Tree to 25 m. Bark dark grey, smooth at first but with longitudinal paler markings. Twigs brown, with silky hairs sometimes into their second year. Leaves oblong to elliptic or ovate-lanceolate, 4–12 × 2–5 cm; dark green above with flattened hairs between the veins and on the midrib, hairy under the veins and with axillary tufts; lateral veins in (9–)14–16 parallel pairs; margin unequally or doubly toothed, the teeth with small mucronate tips; petiole slender, pubescent, 8–15 mm. Fruiting catkins 6–10 cm long, reddish at first, with a sparsely hairy 1–4 cm peduncle; bracts (2.5–)3–3.5(–5) cm long, narrowly D-shaped, the curved side remotely dentate and the straight side entire but with a small auricle at the base; veins 4 or 5, sparsely pubescent; nutlet broadly ovoid, hairy only at the tip, prominently ribbed. (Li & Skvortsov 1999; Bean 1976).
Distribution China Anhui, Guangxi, Guizhou, W Henan, Hubei, Hunan, Jiangsu, Jiangxi, Sichuan, Yunnan, Zhejiang Japan Honshu, Shikoku North Korea South Korea
Habitat Forests, to 2400 m asl in the south of the range.
USDA Hardiness Zone 4-5
RHS Hardiness Rating H6
Conservation status Least concern (LC)
Among east Asian hornbeams, this is probably the closest hardy ally to the European Carpinus betulus (Dong et al. 2022), even though the fruit-bracts are unlobed and share an elongated D-shape with many other taxa. The species was described in 1881–2 by the Russian botanist Karl Maximovich, naming it after Chonosuki Sugawa who as a very young man had worked with Maximovich in Japan when the country was first opened to foreigners in 1860 (Rix 2012). Seed from Japan reached the Botanical Garden of the Technische Universität Darmstadt in 1901 (Bean 1976) and seems to have been widely distributed: a specimen planted in 1903 in the Royal Botanic Garden Edinburgh was 15 m × 38 cm dbh in 1981 and one planted at the Royal Botanic Gardens at Kew in 1907 was 14 m × 63 cm dbh in 2001; another of similar age at the RHS Garden at Wisley was 15 m with a very short trunk 89 cm thick in 2019 (Tree Register 2022). These trees have all since failed, apparently of old age, but one smaller 1904 accession still survives within the hornbeam collection at Kew (Tree Register 2022). In recent decades, the species has been reintroduced to the west in some variety; in 2022 commercially available offerings included BSWJ 10800 (Crûg Farm Plants 2022), BBJMT 297 (Pan-Global Plants 2022), and CMBJP 1898, a high-altitude collection from Honshu whose identity is not yet confirmed (Pépinière des Avettes 2021).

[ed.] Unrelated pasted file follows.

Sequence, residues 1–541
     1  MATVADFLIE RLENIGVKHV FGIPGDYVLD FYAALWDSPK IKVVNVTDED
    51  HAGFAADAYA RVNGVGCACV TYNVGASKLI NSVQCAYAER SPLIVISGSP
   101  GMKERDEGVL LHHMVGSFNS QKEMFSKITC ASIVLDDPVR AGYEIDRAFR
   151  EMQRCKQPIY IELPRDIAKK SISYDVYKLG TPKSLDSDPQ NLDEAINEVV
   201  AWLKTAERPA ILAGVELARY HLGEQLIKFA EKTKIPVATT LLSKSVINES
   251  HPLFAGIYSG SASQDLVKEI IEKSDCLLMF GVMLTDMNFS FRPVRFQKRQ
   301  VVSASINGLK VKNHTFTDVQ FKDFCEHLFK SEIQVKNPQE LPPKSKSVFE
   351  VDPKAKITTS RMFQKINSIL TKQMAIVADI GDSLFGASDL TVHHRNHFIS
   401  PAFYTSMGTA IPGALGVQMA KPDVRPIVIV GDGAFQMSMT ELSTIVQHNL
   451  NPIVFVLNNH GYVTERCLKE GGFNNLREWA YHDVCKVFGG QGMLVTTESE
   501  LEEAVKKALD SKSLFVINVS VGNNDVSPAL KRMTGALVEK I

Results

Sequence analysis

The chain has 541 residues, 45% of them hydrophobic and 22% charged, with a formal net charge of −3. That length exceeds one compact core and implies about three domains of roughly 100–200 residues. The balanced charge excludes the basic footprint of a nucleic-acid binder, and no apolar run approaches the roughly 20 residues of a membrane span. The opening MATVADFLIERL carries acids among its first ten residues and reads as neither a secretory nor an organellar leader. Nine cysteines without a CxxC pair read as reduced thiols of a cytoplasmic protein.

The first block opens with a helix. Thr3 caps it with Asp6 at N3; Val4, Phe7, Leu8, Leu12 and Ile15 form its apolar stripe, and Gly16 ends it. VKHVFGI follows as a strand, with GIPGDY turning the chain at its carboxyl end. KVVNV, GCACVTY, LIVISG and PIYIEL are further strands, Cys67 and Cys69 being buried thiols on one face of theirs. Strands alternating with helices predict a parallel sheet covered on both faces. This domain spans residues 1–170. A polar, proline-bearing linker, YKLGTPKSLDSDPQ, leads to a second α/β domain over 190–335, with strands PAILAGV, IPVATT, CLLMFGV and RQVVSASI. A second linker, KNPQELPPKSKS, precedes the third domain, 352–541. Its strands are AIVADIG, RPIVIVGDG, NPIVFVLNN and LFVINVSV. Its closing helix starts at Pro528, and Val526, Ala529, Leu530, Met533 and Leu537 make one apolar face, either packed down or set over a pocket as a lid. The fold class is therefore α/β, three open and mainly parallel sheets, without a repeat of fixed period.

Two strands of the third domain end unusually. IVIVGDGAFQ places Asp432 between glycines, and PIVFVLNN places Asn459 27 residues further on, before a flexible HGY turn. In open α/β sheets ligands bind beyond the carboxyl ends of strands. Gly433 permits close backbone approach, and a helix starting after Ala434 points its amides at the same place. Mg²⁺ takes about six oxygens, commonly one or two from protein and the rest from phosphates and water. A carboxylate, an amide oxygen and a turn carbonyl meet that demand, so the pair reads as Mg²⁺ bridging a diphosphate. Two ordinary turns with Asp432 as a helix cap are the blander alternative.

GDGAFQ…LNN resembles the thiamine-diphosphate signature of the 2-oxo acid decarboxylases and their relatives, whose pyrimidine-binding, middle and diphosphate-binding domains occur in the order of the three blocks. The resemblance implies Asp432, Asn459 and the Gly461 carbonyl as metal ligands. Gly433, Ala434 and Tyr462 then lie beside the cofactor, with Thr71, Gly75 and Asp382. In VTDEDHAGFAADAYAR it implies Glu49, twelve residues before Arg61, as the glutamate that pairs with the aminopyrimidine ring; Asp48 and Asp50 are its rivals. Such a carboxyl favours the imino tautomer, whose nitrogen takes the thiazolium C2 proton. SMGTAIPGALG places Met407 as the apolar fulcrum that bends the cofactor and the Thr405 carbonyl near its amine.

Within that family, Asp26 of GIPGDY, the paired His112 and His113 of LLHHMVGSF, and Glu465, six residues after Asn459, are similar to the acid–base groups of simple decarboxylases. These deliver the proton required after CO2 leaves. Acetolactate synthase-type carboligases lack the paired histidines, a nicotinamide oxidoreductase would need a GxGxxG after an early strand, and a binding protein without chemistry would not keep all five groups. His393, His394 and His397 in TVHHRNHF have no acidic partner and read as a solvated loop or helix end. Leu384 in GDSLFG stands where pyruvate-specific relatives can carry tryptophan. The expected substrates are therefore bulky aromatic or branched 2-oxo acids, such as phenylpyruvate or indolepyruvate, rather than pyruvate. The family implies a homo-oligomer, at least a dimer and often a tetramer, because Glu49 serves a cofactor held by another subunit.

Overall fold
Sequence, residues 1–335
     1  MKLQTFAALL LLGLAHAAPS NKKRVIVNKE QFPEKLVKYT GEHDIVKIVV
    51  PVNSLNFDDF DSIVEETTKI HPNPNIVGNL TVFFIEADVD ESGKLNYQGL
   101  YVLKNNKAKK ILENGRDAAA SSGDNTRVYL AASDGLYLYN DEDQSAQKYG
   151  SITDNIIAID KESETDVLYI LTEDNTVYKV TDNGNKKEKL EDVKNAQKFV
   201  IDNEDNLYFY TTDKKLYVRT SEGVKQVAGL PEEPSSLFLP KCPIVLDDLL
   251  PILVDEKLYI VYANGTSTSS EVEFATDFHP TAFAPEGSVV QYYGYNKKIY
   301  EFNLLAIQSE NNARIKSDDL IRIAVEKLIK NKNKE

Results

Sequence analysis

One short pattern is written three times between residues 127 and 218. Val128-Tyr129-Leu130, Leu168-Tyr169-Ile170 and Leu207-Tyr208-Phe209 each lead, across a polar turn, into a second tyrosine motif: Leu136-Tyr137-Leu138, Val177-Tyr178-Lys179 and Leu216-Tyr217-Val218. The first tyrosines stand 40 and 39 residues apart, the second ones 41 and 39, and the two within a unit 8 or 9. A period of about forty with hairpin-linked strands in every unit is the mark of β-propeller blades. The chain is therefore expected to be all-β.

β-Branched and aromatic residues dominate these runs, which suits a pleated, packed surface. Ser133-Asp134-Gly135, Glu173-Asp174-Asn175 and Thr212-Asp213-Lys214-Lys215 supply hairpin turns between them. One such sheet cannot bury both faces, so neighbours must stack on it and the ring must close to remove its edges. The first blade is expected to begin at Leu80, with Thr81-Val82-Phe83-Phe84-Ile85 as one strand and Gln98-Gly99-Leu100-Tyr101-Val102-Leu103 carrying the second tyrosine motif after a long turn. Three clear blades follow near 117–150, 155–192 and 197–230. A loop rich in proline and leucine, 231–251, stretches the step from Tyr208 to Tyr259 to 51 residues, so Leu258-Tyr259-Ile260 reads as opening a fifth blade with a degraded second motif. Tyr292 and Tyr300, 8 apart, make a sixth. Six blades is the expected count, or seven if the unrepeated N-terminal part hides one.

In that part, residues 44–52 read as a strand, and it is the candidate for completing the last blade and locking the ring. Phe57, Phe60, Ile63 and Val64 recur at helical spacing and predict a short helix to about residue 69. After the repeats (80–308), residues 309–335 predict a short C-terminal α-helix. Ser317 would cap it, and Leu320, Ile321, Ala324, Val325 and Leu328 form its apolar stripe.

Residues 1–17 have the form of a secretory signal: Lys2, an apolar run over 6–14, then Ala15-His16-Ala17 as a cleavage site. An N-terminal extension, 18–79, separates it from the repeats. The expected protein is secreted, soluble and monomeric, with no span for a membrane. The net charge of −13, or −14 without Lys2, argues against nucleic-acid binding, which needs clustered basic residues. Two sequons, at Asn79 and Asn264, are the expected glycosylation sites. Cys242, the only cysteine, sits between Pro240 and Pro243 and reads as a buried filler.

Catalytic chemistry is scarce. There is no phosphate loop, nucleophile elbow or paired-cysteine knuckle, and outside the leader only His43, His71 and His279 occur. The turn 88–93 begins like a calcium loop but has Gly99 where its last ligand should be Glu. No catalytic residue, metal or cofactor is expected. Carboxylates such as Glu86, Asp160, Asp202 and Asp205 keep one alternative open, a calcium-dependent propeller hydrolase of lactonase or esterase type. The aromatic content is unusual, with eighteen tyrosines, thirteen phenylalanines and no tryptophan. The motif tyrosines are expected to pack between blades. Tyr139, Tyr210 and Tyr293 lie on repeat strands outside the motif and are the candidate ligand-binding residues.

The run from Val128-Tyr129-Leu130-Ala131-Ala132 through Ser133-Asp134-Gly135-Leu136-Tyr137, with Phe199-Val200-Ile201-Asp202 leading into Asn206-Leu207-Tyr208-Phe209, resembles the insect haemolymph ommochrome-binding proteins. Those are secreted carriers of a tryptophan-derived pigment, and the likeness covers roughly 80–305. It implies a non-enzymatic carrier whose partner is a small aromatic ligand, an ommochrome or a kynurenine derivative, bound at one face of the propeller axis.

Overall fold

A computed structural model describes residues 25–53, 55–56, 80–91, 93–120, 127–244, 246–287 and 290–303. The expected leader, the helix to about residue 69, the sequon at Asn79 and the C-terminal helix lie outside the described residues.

With its relatively large, rather oblong leaves and robust habit, this is a less obviously exotic plant than many east Asian forms of Carpinus – Wharton, Hine & Justice (2005) liken the leaves to those of Betula utilis – but it is clearly tough and well worth growing. The yellow autumn colour is reliable, even (in the case at least of BSWJ 10800) in the Atlantic climate at Caerhays Castle in Cornwall (Williams 2020). Plants from Japan have grown at the Linnaeus Garden of Uppsala University in southern Sweden since 2004 (Royal Botanic Garden Edinburgh 2022), while Randy Stewart reports that in the climate of southern Ottawa in Canada (USDA hardiness zone 4b) it ‘loves hot summers though will likely need additional irrigation during drought’ (Stewart 2010). There are some good examples in gardens in the eastern United States, including the Polly Hill Arboretum on Martha’s Vineyard, the Dawes Arboretum in Ohio (a 1996 collection from South Korea) (Dawes Arboretum 2022) and the Chicago Botanic Garden (Chicago Botanic Garden 2022). The species is also offered in Australia (Lynwood Gardens 2022).
Carpinus tschonoskii, as understood here, has a very wide natural distribution and is consequently quite variable, and populations from several Chinese mountain ranges have been described as separate species, as is the case with so many hornbeam taxa (though it should be noted that the majority of cultivated stock is dervied from Japan). Plants of the World Online (Plants of the World Online 2022) treats one of these entities, C. paohsingensis Hu, as a good species (for which C. falcibracteata Hu and C. obovatifolia Hu become synonyms). Another potentially distinct population is from Korea and was described by Takenoshin Nakai in 1914 as C. eximia; material was introduced under this name to Kew from the Arnold Arboretum in 1925 (Bean 1976) but had gone by the 1980s (Rushforth 1985). Two trees at White House Farm in Kent were received (as C. tschonoskii var. eximia) in 1996 from seed collected at 720 m on Mount Chiri in South Korea (M. Foster pers. comm.); the larger was a thriving 8 m tall in 2019 (Tree Register 2022).